Flags are incredible...

After the election in 2016, I read an interesting think-piece. An artist posed the following thought experiment to me: Picture yourself driving. You pull up to a stoplight, behind a pickup truck. The truck is covered in American flag bumper stickers and decals. What's your first response?

I rolled my eyes and internally thought, "Ugh, those people." The writer continued: Did you roll your eyes? Did you shake your head at "those people?" Why? What bothered you about the truck?

The flag.

Were you annoyed that the flag was flying bright and bold? the author asked. Do you feel that the conservative movement has co-opted the flag for their own purposes? 


Well that's not fair.

Wait, what?

It takes two to tango here. Sure, conservatives use flag imagery often, but you also shy away from it.

Do I?

You do. You think the flag is tacky, you think it stands for "those people" but not you. And that's not fair of you, the flag stands for everyone. 

Well, so what am I supposed to do?

Embrace the flag. Seriously. Wear it as often as you can. As an artist in America, as a queer person in America, the most subversive and important thing you can do is embrace the flag. Because it really does stand for all of us, but we've let our presence slip. We're all complicit in the myth that our flag only represents "those people."

Screen Shot 2018-06-17 at 9.13.47 PM.png

So I did. And it was great. I wore an American flag lapel pin nearly every day on some item of clothing. And it started some great conversations. Friends and family who knew my political point of view asked things like, "why are you wearing the flag?," and strangers who knew nothing about me assumed I was on their side, whatever that means. Sometimes people would shyly ask me, "did something happen? Is it an important memorial today?" as if they had missed the memo on a catastrophic event.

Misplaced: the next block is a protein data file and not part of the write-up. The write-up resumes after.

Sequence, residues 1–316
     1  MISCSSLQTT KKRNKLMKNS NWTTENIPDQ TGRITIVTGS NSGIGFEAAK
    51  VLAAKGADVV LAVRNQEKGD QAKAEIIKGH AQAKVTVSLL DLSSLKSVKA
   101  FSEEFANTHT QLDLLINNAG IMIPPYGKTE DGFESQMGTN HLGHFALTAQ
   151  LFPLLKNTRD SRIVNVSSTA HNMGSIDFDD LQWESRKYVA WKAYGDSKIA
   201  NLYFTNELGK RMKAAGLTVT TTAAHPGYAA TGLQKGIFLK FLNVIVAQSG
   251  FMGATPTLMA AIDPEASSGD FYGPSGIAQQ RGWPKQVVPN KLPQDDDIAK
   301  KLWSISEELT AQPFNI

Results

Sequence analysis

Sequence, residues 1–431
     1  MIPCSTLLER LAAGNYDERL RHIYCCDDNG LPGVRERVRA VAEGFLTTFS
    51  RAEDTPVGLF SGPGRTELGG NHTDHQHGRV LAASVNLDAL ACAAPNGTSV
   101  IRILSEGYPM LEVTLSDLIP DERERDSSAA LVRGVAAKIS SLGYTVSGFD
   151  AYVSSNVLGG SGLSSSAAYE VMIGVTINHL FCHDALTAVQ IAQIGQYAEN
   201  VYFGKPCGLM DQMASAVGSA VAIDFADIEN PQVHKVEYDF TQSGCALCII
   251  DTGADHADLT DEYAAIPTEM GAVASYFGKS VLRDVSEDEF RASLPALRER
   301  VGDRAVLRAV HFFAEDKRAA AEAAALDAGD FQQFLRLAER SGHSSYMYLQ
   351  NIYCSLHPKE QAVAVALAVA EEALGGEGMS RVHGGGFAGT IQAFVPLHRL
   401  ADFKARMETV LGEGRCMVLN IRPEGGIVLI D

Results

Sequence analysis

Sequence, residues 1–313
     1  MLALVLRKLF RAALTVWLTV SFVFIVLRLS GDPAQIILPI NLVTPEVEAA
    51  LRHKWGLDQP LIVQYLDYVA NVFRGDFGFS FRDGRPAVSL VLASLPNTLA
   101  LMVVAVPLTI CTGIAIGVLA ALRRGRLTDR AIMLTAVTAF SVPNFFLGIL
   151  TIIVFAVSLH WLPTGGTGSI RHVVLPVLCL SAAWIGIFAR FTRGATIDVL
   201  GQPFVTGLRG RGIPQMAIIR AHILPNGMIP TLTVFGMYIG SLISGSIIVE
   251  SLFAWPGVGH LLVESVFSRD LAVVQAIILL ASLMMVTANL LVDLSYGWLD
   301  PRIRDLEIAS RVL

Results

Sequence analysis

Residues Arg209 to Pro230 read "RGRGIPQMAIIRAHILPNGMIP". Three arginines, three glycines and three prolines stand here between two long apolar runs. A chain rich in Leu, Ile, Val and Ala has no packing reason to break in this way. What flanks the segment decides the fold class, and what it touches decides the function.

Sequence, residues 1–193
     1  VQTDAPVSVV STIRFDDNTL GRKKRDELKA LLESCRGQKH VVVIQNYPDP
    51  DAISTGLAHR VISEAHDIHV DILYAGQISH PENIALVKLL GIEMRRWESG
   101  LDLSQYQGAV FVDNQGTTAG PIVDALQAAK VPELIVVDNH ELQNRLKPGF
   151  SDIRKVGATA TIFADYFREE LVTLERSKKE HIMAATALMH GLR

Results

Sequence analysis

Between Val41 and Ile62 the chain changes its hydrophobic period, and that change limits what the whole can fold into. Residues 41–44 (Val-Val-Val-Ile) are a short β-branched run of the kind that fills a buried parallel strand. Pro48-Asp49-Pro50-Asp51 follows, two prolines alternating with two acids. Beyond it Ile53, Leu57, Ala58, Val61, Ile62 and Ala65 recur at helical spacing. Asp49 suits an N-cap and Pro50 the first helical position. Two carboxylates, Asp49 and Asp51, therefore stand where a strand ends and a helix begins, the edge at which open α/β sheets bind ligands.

Screen Shot 2018-06-17 at 9.12.57 PM.png

And every one of those conversations was worthwhile. Each time I spoke about the flag, I had another opportunity to reiterate the way I love this country. Each time I was questioned about my wearing of such stately symbolism, I had a chance to express my gratitude for the flag. I was grateful for the invisibility the flag bestowed upon me. It subsumed my other identities, and there is power in that invisibility, in that uniformity.

Tacked to my lapel, the pin made a Trojan Horse of my body, allowing me to slip into the confidence of self-proclaimed Americans, giving me the opportunity to earn their trust before, during, and after a difficult conversation was had. 

But after a year of patriotic invisibilty, I craved for the opposite: American Visibility. I wanted a symbol that was specifically apparent, an image that showed off my Queerness as well as my Americanness. I didn't want to sneak into these conversations anymore, I wanted to wear my two identities side-by-side, no trickery, just pride. The pink triangle has long stood as an emblem of our community (after, of course, being used to shame and segregate us), so that seemed like an obvious choice. But integrating it into the flag was a challenge.

Our American flag has both intrinsic and extrinsic meaning. There is symbolism to be found in the individual numbers of stripes and stars, as well as in the flag as a whole unit. And if I was going to incorporate its color and shape scheme into my design, then the image needed to have similar intrinsic and extrinsic meanings, 

Hundreds of iterations brought me here, to this image.

I settled on the pentagon as a bordering shape because it's so often found in nature (okra, flower petals, etc.) and is also understood as a representation of American strength and defense. I chose one stripe for each of the five letters in LGBTQ, and three stars to represent our past, present, and future. The pink triangle stands bold and central, it is not separate from the flag, but rather, wrapped into the imagery.

This is a declaration of interdependence. Show up. Be present. Be visible. Be counted!